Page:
Responding to partner and user concerns over bundling, Docker is releasing one of its core container components, the containerd runtime engine, as an independent open source project, and is looking for a “neutral” third-party foundation to manage the effort.
“As the scope of the platform expands, there is a lot of demand both from our customers and from the wider ecosystem to make our platform more modular. This is one more step in that direction,” said Solomon Hykes, founder, chief technology officer and chief product officer at Docker.
Amazon Web Services (AWS), Google Cloud, IBM Bluemix and Microsoft Azure have committed to providing maintainers and contributors to the project. Docker is hoping that open source-focused enterprise software vendors, such as Red Hat and VMware, will participate in advancing containerd as well.
Docker has already released as open source an early version of containerd, though this new release is the official 1.0 edition. A quick analysis of contributors on the containerd codebase shows that it has gained a number of new contributors since August, including Google engineers Jess Frazelle and Mike Danese, who also does a fair amount of work on the Kubernetes container orchestration engine. There were no contributions, that we could tell, from either Red Hat or CoreOS. Only 13 of the 43 (30 percent) contributors are Docker employees, but 87 percent of contributions come from Docker. China is a major contributor with 9 (21 percent) of contributors, with 4 coming from Huawei, one from Hyper.sh, one from Tencent and two others from unidentified companies.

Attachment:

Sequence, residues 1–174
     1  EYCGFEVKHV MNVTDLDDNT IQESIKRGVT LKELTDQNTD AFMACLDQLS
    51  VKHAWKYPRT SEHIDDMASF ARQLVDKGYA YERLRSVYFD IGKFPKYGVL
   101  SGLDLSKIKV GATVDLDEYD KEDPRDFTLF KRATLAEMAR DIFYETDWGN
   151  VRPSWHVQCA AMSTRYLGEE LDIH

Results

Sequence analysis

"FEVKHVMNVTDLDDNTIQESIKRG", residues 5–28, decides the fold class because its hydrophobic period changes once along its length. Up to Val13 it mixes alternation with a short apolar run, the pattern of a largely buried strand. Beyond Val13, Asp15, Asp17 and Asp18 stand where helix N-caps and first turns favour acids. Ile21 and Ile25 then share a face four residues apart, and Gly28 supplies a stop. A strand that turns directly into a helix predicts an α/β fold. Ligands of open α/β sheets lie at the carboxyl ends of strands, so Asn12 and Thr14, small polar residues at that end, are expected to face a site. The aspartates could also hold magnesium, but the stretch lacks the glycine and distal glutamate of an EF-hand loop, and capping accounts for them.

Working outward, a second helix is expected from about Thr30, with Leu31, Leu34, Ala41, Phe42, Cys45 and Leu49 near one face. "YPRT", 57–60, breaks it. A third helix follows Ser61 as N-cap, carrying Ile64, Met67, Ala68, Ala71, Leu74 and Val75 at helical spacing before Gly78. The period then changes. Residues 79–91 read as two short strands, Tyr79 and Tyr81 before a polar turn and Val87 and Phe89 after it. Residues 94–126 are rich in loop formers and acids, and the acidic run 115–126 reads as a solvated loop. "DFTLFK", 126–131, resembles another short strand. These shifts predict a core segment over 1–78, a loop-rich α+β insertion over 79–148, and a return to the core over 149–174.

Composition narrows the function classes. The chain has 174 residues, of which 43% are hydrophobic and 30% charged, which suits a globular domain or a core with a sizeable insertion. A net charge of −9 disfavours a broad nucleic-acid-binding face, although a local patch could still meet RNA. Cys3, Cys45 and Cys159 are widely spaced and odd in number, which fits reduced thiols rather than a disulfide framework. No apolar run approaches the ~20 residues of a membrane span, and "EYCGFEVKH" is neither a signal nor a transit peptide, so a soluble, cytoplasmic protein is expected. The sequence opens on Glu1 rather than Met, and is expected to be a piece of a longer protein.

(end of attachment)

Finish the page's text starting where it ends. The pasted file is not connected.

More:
Docker has already contributed to the Open Container Initiative its core runc container engine, which provides a base for container execution and supervision. Containerd is built on runc but offers advanced functionality such as image distribution, network interfaces and management, local storage management and an API.
Despite handing runc over to OCI, Docker is looking for another organization to manage containerd, Hykes said, such as The Linux Foundation or the Apache Software Foundation. The Cloud Native Computing Foundation could be another possible home. That decision is expected to be made by the first quarter of 2017.
…nice to see Docker do this, definitely in the right direction… and I know a good foundation home for it :)
— Chris Aniszczyk (@cra) December 14, 2016
Initially, Docker released runc to OCI at least partially in response to pressure from partners. “In some ways, we’ve seen that continuing of Docker-the-company is trying to keep up with the broader ecosystem out there. There’s a lot of start-ups out there. Everything is moving fast,” 451 Research Analyst Donnie Berkholz, in an episode of The New Stack Analysts podcast to be posted later on this week. “In many ways, this helps address some of the concerns from the community.”
Docker partners and users have voiced concerns over the past year that Docker was advancing its technologies too quickly, offering too little in the way of a stable base for third parties to build from. This release carves out some of the stable components of the Docker engine, so it could serve as “boring” part of the infrastructure, Hykes said.
“As the innovation continues in this space. There is an interest in seeing the lower levels stabilizing and slowing down, and being cleanly separated from the higher layers, so everyone can continue to innovate, but move that innovation up the stack,” Hykes said. “But at the same time, we all want the lower layers of the stack to stabilize so the whole platform does not fall apart, crumble under its own weight.”
For end-users, the changes this move will bring about will be minimal, according to Hykes.
“If you are using Docker today, you won’t notice the difference. The commands remain the same, the interfaces remain the same. The plumbing has changed; it’s now more modular. But unless you want to know what is in the plumbing, nothing has changed,” Hykes said.
TNS research analyst Lawrence Hecht contributed to this story.
Core OS, Docker, Red Hat and VMware are sponsors of The New Stack.